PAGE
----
The Dadaists — or was it the Surrealists? — conjured the delirious idea of watching films as if they were dreams. It could be the dream of the main character, perhaps, which is as valid a way as any of appreciating Vertigo or Chinatown, or the dream of the filmmaker (Buster Keaton, David Lynch and Belá Tarr, notably, invite us into their heads).

This month’s array of cinematic temptations offers a wealth of disorienting opportunities to drift into bizarre flights of fancy. Fasten your seatbelts, it’s going to be a — heck, I wouldn’t presume to tell you what kind of ride you’re in for. Every film is ultimately your dream, after all.


Alice

The astonishing animator Jan Svankmajer was born in Prague in 1934, and the twisted and darkly funny world of his films is infused with an off-center Eastern European sensibility inevitably informed by the alternate-universe propaganda of Soviet-style communism. (It’s no surprise that he has adapted writers such as Poe, Goethe and Lewis Carroll.) The Yerba Buena Center for the Arts series Animating Dark Dreams: The Films of Jan Svankmajer, running Nov. 8-29, 2012, features a new 35mm print of Alice (1989), as well as the Bay Area premiere of his latest feature, Surviving Life (2010), the story of a married man whose waking and dream lives overlap, mingle and meld. For more information, visit ybca.org.


A Girl Like Her

Do you still insist, at this late date, that nothing is more absolutely, unequivocally real than daily life? Then how do you explain Herman Cain’s campaign for the Presidency, or dog-grooming competitions, or Keanu Reeves’ career? Life is weird s—, man. The 11th annual San Francisco Documentary Festival, more familiarly known as DocFest (Nov. 8-21, 2012), is partial to films that locate the strangeness in everyday settings. This year’s typically wide-ranging lineup encompasses A Girl Like Her (about unwed mothers before Roe. v. Wade), Herman’s House (which traces the unlikely collaboration between artist Jackie Sumell and Herman Wallace, one of the Angola 3 convicted in 1972 — and sentenced to decades of solitary confinement — for allegedly murdering a prison guard), and much, much more. For more information visit sfdocfest.festivalgenius.com.


Sunrise

The lack of dialogue may put you off silent films, but consider for a moment what’s gained by eliminating the annoying chatter that, in contemporary movies, tends to distract rather than reveal. Does it not evoke a kind of dream state, and speak to us as a missive from a world that exists on the other side of a veil (or screen)? Author, artist, photographer and bookmaker Peter Linenthal, the director (as near as we can ascertain) of the Potrero Hill Archive Project and producer of the annual Potrero Hill History Night (taking place this year on Nov. 3, 2012) presents three shows of silent movies at the New Potrero Theater on Fri., Nov. 9 and Sat., Nov. 10. The program includes 1930s home movies shot on the Hill, followed by F.W. Murnau’s pioneering (and still moving) 1927 feature, Sunrise. For more information visit potreroarchives.com.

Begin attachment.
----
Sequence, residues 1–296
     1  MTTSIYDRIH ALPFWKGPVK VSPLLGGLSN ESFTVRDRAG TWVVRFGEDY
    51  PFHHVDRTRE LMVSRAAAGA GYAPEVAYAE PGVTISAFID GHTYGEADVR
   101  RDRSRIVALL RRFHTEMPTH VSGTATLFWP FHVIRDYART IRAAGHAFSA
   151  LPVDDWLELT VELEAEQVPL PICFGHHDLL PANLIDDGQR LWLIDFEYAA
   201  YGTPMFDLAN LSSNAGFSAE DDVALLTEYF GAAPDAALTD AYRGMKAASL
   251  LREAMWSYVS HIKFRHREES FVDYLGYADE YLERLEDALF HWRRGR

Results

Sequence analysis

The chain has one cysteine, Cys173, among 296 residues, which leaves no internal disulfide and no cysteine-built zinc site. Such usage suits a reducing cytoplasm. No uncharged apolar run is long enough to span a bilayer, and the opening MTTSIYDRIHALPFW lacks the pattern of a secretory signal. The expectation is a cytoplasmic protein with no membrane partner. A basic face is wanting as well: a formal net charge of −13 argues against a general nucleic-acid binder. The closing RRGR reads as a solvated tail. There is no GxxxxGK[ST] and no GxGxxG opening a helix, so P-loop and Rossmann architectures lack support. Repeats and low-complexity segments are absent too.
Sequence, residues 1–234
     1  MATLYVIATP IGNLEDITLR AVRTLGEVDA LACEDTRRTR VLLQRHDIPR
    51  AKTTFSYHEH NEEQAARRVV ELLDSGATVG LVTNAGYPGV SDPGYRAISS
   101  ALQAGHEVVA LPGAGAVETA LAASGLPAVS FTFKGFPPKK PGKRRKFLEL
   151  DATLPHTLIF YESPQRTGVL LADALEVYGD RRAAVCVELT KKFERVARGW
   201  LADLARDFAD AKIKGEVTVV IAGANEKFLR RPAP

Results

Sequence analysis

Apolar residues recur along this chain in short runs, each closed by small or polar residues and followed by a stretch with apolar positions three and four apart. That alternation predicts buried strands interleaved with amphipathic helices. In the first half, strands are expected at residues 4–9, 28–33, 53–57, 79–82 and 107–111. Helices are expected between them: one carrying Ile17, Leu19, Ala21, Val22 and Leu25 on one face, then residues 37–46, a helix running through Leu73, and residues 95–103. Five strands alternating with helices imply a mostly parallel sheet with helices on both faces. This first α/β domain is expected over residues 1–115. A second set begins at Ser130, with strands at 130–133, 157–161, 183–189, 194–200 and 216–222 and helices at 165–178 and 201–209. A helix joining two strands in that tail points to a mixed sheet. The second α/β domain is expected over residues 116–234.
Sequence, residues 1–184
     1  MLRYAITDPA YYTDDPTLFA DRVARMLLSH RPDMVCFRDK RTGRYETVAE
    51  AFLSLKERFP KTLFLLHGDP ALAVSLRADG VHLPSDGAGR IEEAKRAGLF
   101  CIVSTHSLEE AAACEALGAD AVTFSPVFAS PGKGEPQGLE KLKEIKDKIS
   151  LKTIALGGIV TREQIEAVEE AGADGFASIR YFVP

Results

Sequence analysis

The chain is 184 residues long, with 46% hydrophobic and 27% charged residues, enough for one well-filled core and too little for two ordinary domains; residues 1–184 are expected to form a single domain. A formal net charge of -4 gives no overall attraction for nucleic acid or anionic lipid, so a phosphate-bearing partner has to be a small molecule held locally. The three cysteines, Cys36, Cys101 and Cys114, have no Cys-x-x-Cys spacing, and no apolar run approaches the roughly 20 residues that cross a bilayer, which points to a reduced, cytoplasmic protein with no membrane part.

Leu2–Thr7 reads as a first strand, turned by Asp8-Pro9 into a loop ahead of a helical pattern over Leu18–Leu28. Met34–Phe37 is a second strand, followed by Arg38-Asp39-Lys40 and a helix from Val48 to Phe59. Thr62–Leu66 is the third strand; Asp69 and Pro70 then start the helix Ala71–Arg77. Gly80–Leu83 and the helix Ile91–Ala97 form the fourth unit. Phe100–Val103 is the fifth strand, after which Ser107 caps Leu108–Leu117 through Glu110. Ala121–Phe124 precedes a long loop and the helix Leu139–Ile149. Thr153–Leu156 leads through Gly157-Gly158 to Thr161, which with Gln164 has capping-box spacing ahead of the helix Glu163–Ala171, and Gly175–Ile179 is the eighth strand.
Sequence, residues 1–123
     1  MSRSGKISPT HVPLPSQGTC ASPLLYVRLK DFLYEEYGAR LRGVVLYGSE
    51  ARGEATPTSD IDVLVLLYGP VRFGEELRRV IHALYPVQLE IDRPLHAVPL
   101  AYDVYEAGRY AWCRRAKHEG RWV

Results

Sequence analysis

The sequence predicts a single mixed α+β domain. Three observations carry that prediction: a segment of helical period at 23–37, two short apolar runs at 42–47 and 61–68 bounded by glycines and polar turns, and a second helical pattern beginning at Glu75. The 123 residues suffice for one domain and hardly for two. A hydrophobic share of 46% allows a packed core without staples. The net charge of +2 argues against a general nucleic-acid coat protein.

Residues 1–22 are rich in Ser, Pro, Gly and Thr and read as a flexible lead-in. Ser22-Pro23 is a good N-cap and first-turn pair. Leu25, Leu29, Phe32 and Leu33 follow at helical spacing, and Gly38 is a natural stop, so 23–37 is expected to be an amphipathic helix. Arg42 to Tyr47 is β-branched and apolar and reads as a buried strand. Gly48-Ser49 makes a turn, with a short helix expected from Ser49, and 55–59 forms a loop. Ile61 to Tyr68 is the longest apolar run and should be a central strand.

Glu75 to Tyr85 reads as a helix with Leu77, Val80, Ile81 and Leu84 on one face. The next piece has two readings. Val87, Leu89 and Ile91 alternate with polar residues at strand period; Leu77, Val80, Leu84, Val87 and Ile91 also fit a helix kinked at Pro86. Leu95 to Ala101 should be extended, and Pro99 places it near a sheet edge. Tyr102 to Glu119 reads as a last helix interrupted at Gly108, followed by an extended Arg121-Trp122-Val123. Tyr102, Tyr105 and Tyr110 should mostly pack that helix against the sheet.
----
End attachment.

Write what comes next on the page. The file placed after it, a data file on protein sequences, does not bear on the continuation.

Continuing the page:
San Francisco native Natalia Nikolaevna Zakharenko, aka Natasha Gurdin, aka Natalie Wood, had three Oscar nominations before her 26th birthday (for Rebel Without a Cause, Splendor in the Grass and Love With the Proper Stranger). The dream factory of Hollywood extracted a price for fame and fortune, one could say, for Wood drowned in a mysterious boating/drinking accident off Catalina Island 31 years ago this month at the age of 43. Another S.F. icon, events maestro Marc Huestis, marks the downbeat anniversary with an upbeat retrospective of Wood’s films and a rare, candid onstage interview with her sister, Lana. Glamour makes a comeback when Forever Natalie Wood takes over the Castro Theatre, Nov. 9-11, 2012. For more information visit www.castrotheatre.com.

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Portrait of Las Vegas

The brilliant and uncompromising experimental filmmaker and college instructor Craig Baldwin — an icon of the San Francisco underground who deserves a statue, or at the very least a permanent installation in his favorite Mission District taqueria — has programmed Other Cinema at ATA Gallery with unflagging verve and passion for literally decades. A Saturday night bastion of formally and thematically subversive and poetic film and video, Other presents mind-blowing new work by veteran and newly minted artists. The Nov. 17 show, Desert Rats, includes the latest heat-inspired offerings from S. F. faves Sam Green (Portrait of Las Vegas), Scott Stark (Bloom), Bill Daniel, Laura Kraning and others. When all else fails, there’s nothing like a little sunstroke to push your mind into an alternate dimension. For more information visit othercinema.com.

Author

Michael Fox

Michael Fox has written about film for a variety of publications since 1987. He is the curator and host of the long-running Friday night CinemaLit film series at the Mechanics' Institute,  an instructor in the OLLI programs at U.C. Berkeley and S.F. State, and a member of the San Francisco Film Critics Circle.

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